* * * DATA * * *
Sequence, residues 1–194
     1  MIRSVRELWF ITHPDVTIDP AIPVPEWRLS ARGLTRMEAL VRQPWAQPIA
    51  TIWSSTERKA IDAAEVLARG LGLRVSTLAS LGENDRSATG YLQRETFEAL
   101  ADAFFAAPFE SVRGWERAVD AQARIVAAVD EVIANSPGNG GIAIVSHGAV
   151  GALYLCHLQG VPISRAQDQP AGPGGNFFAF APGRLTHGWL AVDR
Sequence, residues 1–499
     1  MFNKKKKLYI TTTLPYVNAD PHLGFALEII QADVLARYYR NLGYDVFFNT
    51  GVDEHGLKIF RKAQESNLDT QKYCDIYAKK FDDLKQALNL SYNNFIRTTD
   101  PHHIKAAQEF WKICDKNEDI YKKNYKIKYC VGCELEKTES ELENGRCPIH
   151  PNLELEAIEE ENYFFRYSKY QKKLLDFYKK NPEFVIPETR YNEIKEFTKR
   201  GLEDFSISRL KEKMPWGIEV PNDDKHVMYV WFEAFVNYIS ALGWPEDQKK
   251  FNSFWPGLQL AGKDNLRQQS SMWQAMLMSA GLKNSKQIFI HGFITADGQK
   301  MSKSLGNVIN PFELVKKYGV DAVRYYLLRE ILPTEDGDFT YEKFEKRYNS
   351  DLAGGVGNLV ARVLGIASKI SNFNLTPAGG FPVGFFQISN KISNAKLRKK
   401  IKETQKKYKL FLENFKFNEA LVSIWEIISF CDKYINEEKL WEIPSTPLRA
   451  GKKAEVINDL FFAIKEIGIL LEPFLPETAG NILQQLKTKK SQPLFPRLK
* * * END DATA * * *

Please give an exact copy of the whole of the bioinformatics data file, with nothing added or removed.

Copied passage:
Sequence, residues 1–194
     1  MIRSVRELWF ITHPDVTIDP AIPVPEWRLS ARGLTRMEAL VRQPWAQPIA
    51  TIWSSTERKA IDAAEVLARG LGLRVSTLAS LGENDRSATG YLQRETFEAL
   101  ADAFFAAPFE SVRGWERAVD AQARIVAAVD EVIANSPGNG GIAIVSHGAV
   151  GALYLCHLQG VPISRAQDQP AGPGGNFFAF APGRLTHGWL AVDR
Sequence, residues 1–499
     1  MFNKKKKLYI TTTLPYVNAD PHLGFALEII QADVLARYYR NLGYDVFFNT
    51  GVDEHGLKIF RKAQESNLDT QKYCDIYAKK FDDLKQALNL SYNNFIRTTD
   101  PHHIKAAQEF WKICDKNEDI YKKNYKIKYC VGCELEKTES ELENGRCPIH
   151  PNLELEAIEE ENYFFRYSKY QKKLLDFYKK NPEFVIPETR YNEIKEFTKR
   201  GLEDFSISRL KEKMPWGIEV PNDDKHVMYV WFEAFVNYIS ALGWPEDQKK
   251  FNSFWPGLQL AGKDNLRQQS SMWQAMLMSA GLKNSKQIFI HGFITADGQK
   301  MSKSLGNVIN PFELVKKYGV DAVRYYLLRE ILPTEDGDFT YEKFEKRYNS
   351  DLAGGVGNLV ARVLGIASKI SNFNLTPAGG FPVGFFQISN KISNAKLRKK
   401  IKETQKKYKL FLENFKFNEA LVSIWEIISF CDKYINEEKL WEIPSTPLRA
   451  GKKAEVINDL FFAIKEIGIL LEPFLPETAG NILQQLKTKK SQPLFPRLK